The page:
Beginning with the polling from every source, not just the dreaded Rasmussen hated by the left, but every source, we see that even liberals who are democrats seem willing to throw out the babies with the bath water in an effort as I see it to purge their party of progressives.

    Disclaimer….I read this site enough to know that most of the comments are from those who are most likely progressives….It is not my intent to insult you. Only to point out what I believe is what is happening in this country. No less so then what happened when the RR took over the GOP for a couple decades, so to we see the progressive movement trying desperately to take over the Democratic party.

  5. mw Says:

    @Wicked
    I’ve not seen anyone make this big a distinction between liberals and progressives. I’ve generally looked at the labels as synonymous, with “progressive” being used simply because it is carrying less emotional baggage than “liberal” in popular dialog , as liberal practically became a pejorative in recent decades. I’m interested in how you define these labels.

  6. Wickedways Says:

    One only has to look at the writings of progressives to realize that they make the distinction themselves.

    Some writings of progressives making their own distinctions:

    Another difference is the Liberal and Progressive attitude towards elections:

    - For Liberals the ultimate goal in politics is to get Democrats elected.

    - For Progressives the ultimate goal is the enactment of progressive policy.

    Progressives also learned from the last 8 years that progressive policy has NO chance if the Republicans are in charge.

    Therefore:

    Democratic Party (or non-Republican) control of government is a necessary but not sufficient condition to bring about progressive policy.

    Although these labels are often used interchangeably and tend to favor many of the same policies, political journalist and columnist David Sirota says, “…traditional ‘liberals’ in our current parlance are those who focus on using taxpayer money to help better society,” while the term “progressive” rightfully applies to “those who focus on using government power to make large institutions play by a set of rules.”

    Historically, it is also true that in the Progressive Era, self-identified progressives supported some vile endeavors: they could be quite elitist, disdaining “ignorant” voters and preferring government-by-experts. …Daily Kos.

    End of quotes.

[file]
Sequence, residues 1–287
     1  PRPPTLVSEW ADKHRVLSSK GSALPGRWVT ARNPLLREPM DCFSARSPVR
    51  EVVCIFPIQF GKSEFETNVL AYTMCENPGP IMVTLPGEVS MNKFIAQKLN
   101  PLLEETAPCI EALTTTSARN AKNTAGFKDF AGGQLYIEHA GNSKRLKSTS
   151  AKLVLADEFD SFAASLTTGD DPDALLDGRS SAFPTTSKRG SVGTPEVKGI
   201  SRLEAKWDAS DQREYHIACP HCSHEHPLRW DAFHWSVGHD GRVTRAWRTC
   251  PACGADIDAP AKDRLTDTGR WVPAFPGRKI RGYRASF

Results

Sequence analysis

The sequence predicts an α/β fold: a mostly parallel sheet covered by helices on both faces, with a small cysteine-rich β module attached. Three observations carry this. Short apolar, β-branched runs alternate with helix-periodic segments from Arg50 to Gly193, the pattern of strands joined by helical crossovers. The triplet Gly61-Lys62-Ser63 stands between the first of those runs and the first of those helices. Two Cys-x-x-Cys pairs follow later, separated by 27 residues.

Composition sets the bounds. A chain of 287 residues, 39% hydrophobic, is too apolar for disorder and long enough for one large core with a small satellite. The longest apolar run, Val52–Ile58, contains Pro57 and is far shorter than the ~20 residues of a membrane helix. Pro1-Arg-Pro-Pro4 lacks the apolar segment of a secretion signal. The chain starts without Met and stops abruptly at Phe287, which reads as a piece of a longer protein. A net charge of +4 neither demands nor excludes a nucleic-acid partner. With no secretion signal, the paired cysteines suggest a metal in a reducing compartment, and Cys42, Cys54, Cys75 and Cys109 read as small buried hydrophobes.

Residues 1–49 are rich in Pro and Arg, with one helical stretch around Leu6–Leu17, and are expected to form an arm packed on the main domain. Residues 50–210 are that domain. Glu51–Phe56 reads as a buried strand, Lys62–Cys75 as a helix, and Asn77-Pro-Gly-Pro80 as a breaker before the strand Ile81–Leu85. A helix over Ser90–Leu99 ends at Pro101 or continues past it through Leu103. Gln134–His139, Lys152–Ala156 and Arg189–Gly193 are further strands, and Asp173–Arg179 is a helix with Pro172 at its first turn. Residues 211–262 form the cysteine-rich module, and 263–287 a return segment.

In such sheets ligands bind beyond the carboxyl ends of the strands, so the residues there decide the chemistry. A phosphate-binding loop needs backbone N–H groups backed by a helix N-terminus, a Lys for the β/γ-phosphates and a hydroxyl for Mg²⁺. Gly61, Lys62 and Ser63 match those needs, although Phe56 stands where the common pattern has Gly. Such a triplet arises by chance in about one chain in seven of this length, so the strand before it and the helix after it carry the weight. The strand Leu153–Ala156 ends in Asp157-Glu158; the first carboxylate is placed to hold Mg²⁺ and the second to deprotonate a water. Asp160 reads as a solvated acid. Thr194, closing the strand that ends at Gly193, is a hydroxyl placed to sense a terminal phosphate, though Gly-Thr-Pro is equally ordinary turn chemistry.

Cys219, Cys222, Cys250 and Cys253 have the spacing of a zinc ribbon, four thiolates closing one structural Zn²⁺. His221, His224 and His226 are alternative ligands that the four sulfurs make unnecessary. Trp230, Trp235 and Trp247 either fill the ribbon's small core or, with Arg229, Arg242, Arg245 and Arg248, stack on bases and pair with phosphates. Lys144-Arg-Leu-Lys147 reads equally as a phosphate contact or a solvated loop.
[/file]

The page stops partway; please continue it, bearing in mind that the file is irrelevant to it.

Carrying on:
The internet is full of progressive writings that clearly delineate themselves from liberals.

    John Podesta when asked what is the difference between a progressive and a liberal responded by saying……..”A liberal is more concerned with personal liberty and a progressive is more concerned with the community.”

    If there was no difference between a liberal and a progressive then the people themselves would not be trying to draw their own distinctions as they iron out what is what and who is who.

    But suffice it to say there are many, many people in the Democratic party that do not adhere to the progressive agenda, just as their are many Progressives who are fit to be tied today over the democratic parties failed attempts at putting ALL of the progressive agenda into legislation and on the presidents desk.

  7. Chris Says:

    John Podesta when asked what is the difference between a progressive and a liberal responded by saying……..”A liberal is more concerned with personal liberty and a progressive is more concerned with the community.”

    Well sounds like progressives are certainly vile and evil people.

  8. WHQ Says:

    I see. Does that make liberals libertarians? Or is it that liberals are “more concerned” with personal liberty, rather than “only concerned” with it, meaning they aren’t libertarians?

    I guess I could ask the same questions substituting “progressives” for “liberals”, “communists” for “libertarians” and “community” for “personal liberty.”

    One can certainly have concerns for community that overlap with concerns for personal liberty. I mean, not allowing people to murder one another, while restricting the personal liberties of potential murderers, makes for a better community while, at the same time, increasing the personal liberties of those who would otherwise be dead after being murdered. So what we have, I guess, is a distinction that lies in the relative emphasis on two concerns that are closely related to one another.